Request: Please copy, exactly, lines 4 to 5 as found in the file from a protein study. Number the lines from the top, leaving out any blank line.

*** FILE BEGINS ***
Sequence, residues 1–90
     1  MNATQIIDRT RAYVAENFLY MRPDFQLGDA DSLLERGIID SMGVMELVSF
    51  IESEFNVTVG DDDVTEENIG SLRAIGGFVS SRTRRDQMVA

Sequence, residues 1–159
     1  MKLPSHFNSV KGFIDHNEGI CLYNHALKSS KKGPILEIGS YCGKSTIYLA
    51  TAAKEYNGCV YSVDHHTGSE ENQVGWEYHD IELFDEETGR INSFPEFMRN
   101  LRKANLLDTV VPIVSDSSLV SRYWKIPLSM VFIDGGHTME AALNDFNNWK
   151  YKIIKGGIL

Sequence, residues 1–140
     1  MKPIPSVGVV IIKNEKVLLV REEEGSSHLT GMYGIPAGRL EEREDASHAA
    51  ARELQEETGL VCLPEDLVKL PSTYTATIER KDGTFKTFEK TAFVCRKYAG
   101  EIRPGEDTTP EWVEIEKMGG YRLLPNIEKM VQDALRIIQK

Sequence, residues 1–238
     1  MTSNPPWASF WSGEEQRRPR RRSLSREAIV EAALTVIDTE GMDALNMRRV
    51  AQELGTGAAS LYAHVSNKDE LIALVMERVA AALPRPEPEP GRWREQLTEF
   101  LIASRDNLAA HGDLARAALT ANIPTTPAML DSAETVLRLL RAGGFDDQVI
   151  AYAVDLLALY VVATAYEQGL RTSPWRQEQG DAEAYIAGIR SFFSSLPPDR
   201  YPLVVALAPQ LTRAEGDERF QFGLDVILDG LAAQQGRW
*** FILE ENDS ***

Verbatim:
Sequence, residues 1–159
     1  MKLPSHFNSV KGFIDHNEGI CLYNHALKSS KKGPILEIGS YCGKSTIYLA